Finance, LEGAL

Factors Affecting Eligibility on Spousal Support

The laws regarding spousal support vary by state. However, most states avoid awarding permanent alimony. A person can petition the court to change or terminate a spousal support order. It requires proving a substantial change in circumstances. The court weighs a variety of factors before deciding on spousal support. For example, it examines each spouse’s financial status and earning potential.


According to existing guidelines, a spouse can qualify for spousal support if the lower-earning spouse needs ongoing financial assistance to maintain a lifestyle similar to that enjoyed while the couple was married. The payor may deduct spousal support payments from their taxable income even if they are typically taxable income for the receiver. Courts use the statutory guideline calculator to determine how much spousal support should be paid. A court, however, has the discretion to vary from the rules and impose other sums or time frames. In general, judges consider the length of the marriage, the standard of living established during that time and each spouse’s income. In addition, they may consider any assets the spouses may have saved or the possibility of cohabitation with someone else. The court usually awards rehabilitative alimony, which provides training to help the spouse become self-supporting. Whether you are receiving or making the payments, your lawyer can assist you in building your case for the duration of the spousal support you seek. You can find support from sites like to help you through your divorce.


In addition to income, a judge may consider each spouse’s assets. It is especially true if one former spouse spends much of the marriage caring for children or a disabled loved one and never worked to earn money. Spousal support is meant to assist an ex-spouse in continuing to live like they did when they were married. However, this type of support can only cover some things. Many states have adopted guidelines determining how much alimony will be paid, but judges retain substantial discretion. The length of the marriage is another important factor. A judge can award long-term support to help the dependent spouse return to the job market or short-term rehabilitative support to give the other spouse time to obtain new skills and find employment.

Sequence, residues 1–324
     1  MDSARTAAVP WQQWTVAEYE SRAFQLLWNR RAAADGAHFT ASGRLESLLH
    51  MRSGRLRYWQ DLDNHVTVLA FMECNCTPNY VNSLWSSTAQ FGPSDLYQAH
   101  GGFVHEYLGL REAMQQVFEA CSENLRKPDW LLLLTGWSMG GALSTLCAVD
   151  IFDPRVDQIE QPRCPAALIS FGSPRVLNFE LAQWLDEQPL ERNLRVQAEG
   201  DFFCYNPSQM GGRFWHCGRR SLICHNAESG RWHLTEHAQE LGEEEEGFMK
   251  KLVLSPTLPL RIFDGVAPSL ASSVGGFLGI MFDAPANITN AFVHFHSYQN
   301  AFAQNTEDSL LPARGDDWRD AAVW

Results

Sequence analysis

The age of the person who is requesting support is an important factor. For example, a judge may award permanent spousal support if someone was married for 30 years and is now 65. It is because they had significant time to build their savings and retirement plans. However, this doesn’t mean that the older spouse is guaranteed alimony. A judge can decide not to award spousal support or to reduce the amount. A court can also grant temporary spousal support, known as pendente lite alimony, while the divorce progresses. It is a form of interim backing that is not taxed. This type of support is generally less long-lasting and as high in amount as permanent spousal support.


In some cases, spousal support can allow the lower-earning spouse to maintain a lifestyle similar to what they enjoyed during the marriage. It also helps them get the training and skills to become self-sufficient. For the dutiful spouse who worked full-time to help their partner complete a degree or career program, they may qualify for reimbursement alimony. The court typically determines this amount using a guideline calculator. Judges use a variety of factors to decide whether alimony will be awarded, how much, and for how long. Some of the most common considerations include need, ability to pay, length of the marriage, the standard of living, ages and health of both spouses and any children involved. They will not consider who caused the divorce or any allegations of marital misconduct.


In addition to looking at your current financial situation, judges also consider your education level. The more educated you are, the easier it is to get a job and become financially self-sufficient. Some spouses may qualify for reimbursement alimony if they paid their partner’s tuition and other expenses while that person pursued a degree or training program. It differs from rehabilitative alimony, which helps a spouse gain employment skills and become income self-sufficient. The court will also examine your age to see if you are near retirement age. It could weigh against awarding spousal support or maintenance. However, you can ask to modify an existing support order if there is a substantial change in circumstances. It could include a significant health issue or a new financial opportunity.